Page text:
Slaughterhouse shortage stunts industry growth

One might expect the Bay Area — as the epicenter of the eat-local movement and a region with a long tradition of cattle ranching — to be a mecca for producers of organic and grass-fed beef. But there is a problem: A shortage of slaughterhouses is so acute that it is stunting the growth of this emerging industry.

Only one slaughterhouse remains in the Bay Area, in Petaluma, and there are just a smattering of them in all of Northern California. Ranchers must often truck their grass-fed cattle hundreds of miles to the nearest plant, and they face backlogs in the busy season that can lead to waits lasting many months. This means fewer — and more expensive — local skirt steaks at the butcher shop, and more carbon with that grass-fed burger.

The slaughterhouse shortage, and associated difficulties in creating an efficient supply chain, has already kept aspiring local-beef entrepreneurs out of the business, University of California researchers say. And when the local supply of grass-fed meat gets low, out-of-region producers pick up the slack.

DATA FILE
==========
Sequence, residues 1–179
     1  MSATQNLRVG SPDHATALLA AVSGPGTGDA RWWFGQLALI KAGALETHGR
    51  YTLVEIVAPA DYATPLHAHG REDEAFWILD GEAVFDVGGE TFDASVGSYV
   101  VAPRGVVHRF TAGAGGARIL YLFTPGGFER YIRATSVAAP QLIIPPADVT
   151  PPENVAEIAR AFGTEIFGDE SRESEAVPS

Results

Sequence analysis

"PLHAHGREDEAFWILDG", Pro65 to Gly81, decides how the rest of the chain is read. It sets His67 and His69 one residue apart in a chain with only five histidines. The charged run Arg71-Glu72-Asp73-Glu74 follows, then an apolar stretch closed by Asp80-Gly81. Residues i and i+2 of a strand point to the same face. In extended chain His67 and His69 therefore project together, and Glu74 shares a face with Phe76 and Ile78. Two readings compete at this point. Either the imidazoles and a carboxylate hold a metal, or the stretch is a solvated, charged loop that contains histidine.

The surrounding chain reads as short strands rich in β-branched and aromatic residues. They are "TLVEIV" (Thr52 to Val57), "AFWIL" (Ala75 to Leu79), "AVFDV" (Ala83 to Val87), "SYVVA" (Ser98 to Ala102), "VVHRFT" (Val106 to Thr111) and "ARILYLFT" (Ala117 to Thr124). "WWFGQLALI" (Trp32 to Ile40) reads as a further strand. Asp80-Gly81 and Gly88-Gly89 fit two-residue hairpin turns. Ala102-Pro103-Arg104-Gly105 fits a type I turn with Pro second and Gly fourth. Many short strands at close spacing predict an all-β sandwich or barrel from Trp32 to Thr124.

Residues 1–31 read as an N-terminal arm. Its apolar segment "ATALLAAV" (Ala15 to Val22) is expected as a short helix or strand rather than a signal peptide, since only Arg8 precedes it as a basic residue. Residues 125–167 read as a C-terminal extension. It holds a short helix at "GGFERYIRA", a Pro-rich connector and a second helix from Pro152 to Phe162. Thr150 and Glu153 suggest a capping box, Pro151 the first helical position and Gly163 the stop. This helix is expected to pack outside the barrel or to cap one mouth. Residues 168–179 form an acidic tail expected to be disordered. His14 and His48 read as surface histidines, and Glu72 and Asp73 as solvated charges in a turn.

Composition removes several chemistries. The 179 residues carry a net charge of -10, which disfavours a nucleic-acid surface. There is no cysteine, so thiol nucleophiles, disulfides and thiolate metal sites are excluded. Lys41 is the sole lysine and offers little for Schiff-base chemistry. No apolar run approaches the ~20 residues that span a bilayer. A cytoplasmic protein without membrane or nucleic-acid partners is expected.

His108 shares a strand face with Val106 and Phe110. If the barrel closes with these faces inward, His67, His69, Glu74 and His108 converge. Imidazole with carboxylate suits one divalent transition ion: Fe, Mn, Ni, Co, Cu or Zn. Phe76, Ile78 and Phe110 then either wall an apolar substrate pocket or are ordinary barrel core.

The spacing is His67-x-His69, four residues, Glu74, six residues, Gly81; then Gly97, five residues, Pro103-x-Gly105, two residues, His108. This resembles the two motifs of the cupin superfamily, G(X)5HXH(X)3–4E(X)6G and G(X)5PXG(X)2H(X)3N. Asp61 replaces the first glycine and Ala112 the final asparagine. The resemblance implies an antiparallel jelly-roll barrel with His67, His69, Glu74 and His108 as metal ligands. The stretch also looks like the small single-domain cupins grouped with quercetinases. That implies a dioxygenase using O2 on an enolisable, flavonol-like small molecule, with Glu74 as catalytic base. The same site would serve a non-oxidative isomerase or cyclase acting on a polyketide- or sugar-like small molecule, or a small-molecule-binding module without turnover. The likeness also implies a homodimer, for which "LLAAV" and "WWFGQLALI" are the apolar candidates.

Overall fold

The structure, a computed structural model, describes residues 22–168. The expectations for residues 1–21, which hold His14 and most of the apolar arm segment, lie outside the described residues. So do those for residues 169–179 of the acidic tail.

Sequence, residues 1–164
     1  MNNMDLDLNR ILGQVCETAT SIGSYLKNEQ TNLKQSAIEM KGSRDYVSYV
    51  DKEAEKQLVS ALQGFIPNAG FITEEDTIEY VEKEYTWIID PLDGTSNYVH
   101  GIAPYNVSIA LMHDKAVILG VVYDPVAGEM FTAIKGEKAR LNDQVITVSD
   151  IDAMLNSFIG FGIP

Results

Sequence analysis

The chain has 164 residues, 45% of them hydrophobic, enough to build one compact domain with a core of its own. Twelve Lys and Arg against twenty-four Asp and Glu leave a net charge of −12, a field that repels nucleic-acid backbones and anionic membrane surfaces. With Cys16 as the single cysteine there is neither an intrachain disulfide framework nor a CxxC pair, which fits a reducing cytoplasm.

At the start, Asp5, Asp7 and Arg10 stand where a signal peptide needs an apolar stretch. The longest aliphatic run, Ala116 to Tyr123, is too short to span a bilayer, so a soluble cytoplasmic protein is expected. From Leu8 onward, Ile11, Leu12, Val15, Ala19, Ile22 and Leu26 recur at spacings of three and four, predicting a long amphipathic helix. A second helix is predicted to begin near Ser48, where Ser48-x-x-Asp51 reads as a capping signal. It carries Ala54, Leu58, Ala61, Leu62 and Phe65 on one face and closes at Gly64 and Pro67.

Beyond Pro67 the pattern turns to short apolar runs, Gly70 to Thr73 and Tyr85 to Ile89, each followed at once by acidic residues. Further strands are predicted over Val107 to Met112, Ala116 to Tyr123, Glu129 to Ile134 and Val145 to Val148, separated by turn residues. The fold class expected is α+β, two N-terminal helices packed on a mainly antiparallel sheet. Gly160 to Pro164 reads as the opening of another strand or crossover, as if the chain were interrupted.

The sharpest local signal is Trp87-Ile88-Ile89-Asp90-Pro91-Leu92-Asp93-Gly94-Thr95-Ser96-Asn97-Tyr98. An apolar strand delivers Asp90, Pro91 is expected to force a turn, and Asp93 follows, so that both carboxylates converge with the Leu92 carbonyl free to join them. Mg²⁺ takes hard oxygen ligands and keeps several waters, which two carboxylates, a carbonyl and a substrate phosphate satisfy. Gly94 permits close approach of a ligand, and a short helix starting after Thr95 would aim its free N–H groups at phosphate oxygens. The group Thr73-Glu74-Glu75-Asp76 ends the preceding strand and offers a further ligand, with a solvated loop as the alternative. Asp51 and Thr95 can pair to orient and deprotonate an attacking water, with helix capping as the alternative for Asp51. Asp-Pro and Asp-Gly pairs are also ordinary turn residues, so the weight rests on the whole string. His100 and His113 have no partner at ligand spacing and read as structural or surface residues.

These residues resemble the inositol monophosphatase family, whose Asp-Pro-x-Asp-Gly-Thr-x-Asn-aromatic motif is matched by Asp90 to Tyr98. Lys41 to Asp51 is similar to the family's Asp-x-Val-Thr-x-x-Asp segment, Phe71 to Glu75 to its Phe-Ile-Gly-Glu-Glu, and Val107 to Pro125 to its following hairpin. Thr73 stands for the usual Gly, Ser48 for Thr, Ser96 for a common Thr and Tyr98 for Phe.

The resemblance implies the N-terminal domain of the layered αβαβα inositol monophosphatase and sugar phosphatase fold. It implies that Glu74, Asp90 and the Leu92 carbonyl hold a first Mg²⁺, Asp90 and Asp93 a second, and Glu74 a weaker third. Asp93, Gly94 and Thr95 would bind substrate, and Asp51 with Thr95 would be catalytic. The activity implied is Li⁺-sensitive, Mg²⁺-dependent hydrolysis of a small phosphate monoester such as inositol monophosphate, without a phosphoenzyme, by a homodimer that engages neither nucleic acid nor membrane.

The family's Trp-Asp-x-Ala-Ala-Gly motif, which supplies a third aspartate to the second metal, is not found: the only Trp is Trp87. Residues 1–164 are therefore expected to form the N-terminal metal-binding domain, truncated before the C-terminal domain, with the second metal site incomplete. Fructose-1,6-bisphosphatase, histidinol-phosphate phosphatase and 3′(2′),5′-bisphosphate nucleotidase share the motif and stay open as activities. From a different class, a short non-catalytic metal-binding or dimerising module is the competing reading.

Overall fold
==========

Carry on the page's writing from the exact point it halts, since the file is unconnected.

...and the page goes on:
Meanwhile, established local purveyors fret about what could happen if the Petaluma slaughterhouse, Rancho Veal, closed.

"The vulnerability is extreme," said David Evans, owner of Marin Sun Farms in Point Reyes Station, one of the largest local grass-fed cattle operations. "It's enough of a problem that if one slaughterhouse goes out of business, the alternatives are too far away to be recognizably viable."


Evans said his contingency plan was to buy Rancho Veal if it were threatened with closing.

Slaughterhouses were once common in the Bay Area. Rosemary Mucklow, director emeritus of the National Meat Association, an industry trade group based in Oakland, said that as recently as 45 years ago, there were still dozens of slaughterhouses and meatpacking plants in San Francisco.

"When I came to town, San Francisco had a Butchertown on Third Street," Mucklow said, adding that she saw her first hog slaughter in what is now the Bayview neighborhood.